I don't know whether she kept it there as wishful thinking or as a reminder not to place too much faith in this kind of analysis.


I don't think it was wrong, at least not entirely. The Bush era was certainly the high point of the *social* conservative period. The fusion of the religious right and business interests that boosted Reagan into office and fueled the Republicans for 2 decades crested with Bush.

What we've been seeing post-Bush in the Republican Party is the fracturing of that alliance. The power of the social conservatives is greatly diminished from its Bush height; this was clearly visible in the last Republican primary. The new wave of Republicans pay lip service to the old social issues, but they're not really the key focus any more. What's happening now is a realignment of the Republican Party looking for something to replace the religious right in the party equation.

I also think, though less certainly, that another component of the change is a search for a new foundation moving away from the Southern Strategy that has served them so well since the 70s. The changing demographics of the US means it won't work as well in the future. The party seems to want to branch out into other demographic groups, especially Latinos, but it's going to be very messy getting everyone on board. Bush tried to do it to some extent and the party rebelled, but I think that's because they were on top and felt they didn't have to. Now it's more of a necessity.
posted by Sangermaine at 12:04 PM on February 14, 2013 [3 favorites]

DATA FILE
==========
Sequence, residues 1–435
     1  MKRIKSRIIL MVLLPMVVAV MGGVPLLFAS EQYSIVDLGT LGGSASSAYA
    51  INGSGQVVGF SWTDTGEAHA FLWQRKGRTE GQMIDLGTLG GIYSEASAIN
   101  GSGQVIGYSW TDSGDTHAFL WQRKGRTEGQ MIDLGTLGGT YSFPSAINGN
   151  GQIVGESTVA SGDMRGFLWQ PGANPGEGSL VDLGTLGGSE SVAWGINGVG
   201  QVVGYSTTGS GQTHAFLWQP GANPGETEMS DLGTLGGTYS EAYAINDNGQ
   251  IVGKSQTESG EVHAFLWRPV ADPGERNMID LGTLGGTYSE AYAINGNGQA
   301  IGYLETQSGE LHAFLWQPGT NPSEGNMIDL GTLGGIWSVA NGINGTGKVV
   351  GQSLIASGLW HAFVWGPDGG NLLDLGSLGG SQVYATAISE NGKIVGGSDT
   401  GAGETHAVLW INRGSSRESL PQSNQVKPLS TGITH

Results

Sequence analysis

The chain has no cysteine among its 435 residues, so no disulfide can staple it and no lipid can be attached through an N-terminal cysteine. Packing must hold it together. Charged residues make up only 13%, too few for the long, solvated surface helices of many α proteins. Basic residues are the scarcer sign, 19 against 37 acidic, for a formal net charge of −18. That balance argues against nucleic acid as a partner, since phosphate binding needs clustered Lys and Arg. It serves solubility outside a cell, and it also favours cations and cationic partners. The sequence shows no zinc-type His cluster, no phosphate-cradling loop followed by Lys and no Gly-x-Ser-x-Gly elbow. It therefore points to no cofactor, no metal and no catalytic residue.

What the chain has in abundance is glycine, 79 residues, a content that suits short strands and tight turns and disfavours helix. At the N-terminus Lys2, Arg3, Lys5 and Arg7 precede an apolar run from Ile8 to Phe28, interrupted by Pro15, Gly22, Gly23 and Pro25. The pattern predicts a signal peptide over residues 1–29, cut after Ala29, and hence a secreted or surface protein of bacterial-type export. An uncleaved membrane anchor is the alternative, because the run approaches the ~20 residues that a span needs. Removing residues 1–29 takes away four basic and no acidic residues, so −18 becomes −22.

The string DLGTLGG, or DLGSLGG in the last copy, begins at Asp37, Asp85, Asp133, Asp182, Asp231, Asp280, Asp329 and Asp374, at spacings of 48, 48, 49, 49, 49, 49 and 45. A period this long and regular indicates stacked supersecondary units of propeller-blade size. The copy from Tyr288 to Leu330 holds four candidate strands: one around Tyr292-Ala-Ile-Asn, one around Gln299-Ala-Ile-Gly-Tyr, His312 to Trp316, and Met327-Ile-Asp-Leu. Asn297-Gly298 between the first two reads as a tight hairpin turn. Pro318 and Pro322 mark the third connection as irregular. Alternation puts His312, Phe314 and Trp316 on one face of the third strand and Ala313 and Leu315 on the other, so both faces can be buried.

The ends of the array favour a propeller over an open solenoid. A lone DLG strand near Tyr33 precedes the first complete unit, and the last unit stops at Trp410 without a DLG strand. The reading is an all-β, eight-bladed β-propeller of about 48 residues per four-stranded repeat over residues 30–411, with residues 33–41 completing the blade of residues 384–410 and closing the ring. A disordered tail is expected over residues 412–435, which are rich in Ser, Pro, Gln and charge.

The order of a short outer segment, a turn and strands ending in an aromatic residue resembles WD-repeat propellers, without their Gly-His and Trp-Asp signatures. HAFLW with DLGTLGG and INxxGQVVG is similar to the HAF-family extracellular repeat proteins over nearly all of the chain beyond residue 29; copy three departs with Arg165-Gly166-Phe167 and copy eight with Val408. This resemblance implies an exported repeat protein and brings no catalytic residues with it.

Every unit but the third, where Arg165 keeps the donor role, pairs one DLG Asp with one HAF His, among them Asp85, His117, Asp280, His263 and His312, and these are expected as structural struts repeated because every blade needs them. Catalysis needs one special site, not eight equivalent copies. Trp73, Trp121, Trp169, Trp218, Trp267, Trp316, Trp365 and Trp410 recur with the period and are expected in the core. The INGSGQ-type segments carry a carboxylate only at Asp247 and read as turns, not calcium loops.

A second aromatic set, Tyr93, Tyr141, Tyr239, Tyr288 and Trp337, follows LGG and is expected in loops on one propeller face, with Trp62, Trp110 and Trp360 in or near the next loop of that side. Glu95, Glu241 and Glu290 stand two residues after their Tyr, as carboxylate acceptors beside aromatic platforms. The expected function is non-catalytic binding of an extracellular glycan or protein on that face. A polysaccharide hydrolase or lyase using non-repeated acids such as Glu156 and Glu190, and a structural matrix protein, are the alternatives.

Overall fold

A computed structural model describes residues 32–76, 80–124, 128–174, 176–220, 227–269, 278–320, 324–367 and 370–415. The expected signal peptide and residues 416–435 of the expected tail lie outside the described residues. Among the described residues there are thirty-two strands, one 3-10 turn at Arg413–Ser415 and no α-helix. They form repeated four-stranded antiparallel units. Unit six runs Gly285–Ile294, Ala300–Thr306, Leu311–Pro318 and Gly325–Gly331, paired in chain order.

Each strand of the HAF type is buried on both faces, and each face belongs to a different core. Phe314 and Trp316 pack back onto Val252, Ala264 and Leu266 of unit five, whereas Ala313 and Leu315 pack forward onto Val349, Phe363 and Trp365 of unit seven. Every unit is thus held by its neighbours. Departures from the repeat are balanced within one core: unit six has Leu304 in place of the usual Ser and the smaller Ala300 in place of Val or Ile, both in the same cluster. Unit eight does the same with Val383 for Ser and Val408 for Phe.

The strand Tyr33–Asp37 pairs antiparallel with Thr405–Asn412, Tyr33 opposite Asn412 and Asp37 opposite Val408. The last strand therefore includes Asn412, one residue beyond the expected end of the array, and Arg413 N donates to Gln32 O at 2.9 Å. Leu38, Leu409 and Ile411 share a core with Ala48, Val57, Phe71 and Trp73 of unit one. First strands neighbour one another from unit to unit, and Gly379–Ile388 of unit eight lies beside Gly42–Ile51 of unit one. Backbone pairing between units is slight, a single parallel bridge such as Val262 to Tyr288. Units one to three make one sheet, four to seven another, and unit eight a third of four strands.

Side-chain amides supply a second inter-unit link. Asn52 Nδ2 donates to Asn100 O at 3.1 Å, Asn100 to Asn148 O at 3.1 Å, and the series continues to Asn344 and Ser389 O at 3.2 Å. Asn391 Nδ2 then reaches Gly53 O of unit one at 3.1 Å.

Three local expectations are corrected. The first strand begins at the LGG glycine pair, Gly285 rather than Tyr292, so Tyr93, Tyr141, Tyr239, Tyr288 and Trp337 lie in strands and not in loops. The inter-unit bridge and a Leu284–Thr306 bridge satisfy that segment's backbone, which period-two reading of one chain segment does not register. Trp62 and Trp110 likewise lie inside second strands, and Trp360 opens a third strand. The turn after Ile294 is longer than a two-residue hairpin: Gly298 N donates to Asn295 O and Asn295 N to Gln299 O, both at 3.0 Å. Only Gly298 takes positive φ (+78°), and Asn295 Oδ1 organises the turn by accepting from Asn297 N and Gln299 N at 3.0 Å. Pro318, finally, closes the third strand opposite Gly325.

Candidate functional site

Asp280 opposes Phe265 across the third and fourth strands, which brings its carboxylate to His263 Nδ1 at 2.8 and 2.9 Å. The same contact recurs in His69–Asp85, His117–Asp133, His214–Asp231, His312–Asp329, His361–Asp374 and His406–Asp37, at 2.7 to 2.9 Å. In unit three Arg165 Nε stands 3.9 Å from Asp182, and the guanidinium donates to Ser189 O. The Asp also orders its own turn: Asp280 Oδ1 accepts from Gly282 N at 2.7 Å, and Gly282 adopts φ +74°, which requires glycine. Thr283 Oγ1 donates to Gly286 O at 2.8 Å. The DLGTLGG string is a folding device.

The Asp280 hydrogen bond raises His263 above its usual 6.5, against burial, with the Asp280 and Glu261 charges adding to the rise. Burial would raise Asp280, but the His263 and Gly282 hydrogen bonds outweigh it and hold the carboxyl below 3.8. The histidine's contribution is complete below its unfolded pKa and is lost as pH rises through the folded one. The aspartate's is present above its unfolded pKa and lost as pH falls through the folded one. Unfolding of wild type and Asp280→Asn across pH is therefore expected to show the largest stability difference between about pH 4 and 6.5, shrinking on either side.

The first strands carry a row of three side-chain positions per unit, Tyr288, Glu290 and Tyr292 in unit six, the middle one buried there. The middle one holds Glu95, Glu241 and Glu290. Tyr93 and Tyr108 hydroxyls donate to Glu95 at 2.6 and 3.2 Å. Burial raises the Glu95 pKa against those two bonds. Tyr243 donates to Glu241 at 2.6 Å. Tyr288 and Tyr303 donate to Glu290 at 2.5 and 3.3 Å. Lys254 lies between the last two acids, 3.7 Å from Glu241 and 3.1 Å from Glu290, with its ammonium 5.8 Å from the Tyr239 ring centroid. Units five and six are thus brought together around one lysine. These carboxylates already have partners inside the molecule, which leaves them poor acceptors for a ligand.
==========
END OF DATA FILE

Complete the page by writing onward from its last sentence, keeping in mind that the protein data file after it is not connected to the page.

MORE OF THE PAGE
i.e. the one who will free the Matrix and bring balance to the force.

Let he who is without mida-chlorians first take the blue pill.
posted by hal9k at 12:09 PM on February 14, 2013 [1 favorite]


(Or maybe Obama is Nerva; in which case we've got about four more good Emperors to go.)

Hell, maybe he's Osman Ghazi, in which was we can look forward to 10 wise and good sultans before Malia Obama-Dukakis III loses the Battle of Space Lepanto in 2084.
posted by Copronymus at 12:11 PM on February 14, 2013 [8 favorites]


Well, there was Occupy until they got teargassed and Serious Person'd into non-existence. The ruling classes have learned a few things about how to handle the first steps of mass uprisings in the last few decades.

While this is a good point, I don't think Occupy ever rose to the level of the anti-war movement during Vietnam. And Occupy's main thrust wasn't really the war anyway.
posted by IvoShandor at 12:16 PM on February 14, 2013 [1 favorite]


I've missed Billmon. One of those internet mystery bloggers, like ThePoorman.net, etc, who I know nothing about except their voices, which have been worth listening to.
posted by C.A.S. at 12:45 PM on February 14, 2013 [1 favorite]


I lived through the Nixon era. Yes, he was dangerous in some respects. He was however, an effective and capable politician. Given the choice between a Jimmy Carter, an exceptionally honest man, though mostly incompetent, or a Richard Nixon, I would choose Nixon, and watch him like a hawk. The press despised Nixon. The press loves Obama. The press asked Nixon difficult questions. The press does not question Obama about anything.
Is this the era of Obama? I believe history may not be kind to Obama.
posted by Lyon1972 at 12:52 PM on February 14, 2013 [4 favorites]


This time we killed 2,000 with probably 365 total bombs.

You may want to read the Stanford / NYU study Living Under Drones before you dismiss these deaths so casually.

If you think America's ongoing, wholesale murder of Afghan and Pakistani civilians doesn't have a broader, toxic, and long lasting significance, or that the first deaths in the drone war don't presage many, many more to come, you're fooling yourself.
posted by ryanshepard at 12:56 PM on February 14, 2013 [4 favorites]


The title to this post is brilliant. Well played.
posted by putzface_dickman at 1:16 PM on February 14, 2013


And did Vietnam actually ever attack the U.S.? No. Did al Qaeda ? Yes.

What about Iraq?


Obama opposed Iraq and pulled us out right on schedule. We have no troops there. I think that's the point of how Obama isn't that bad the linked author is trying to make.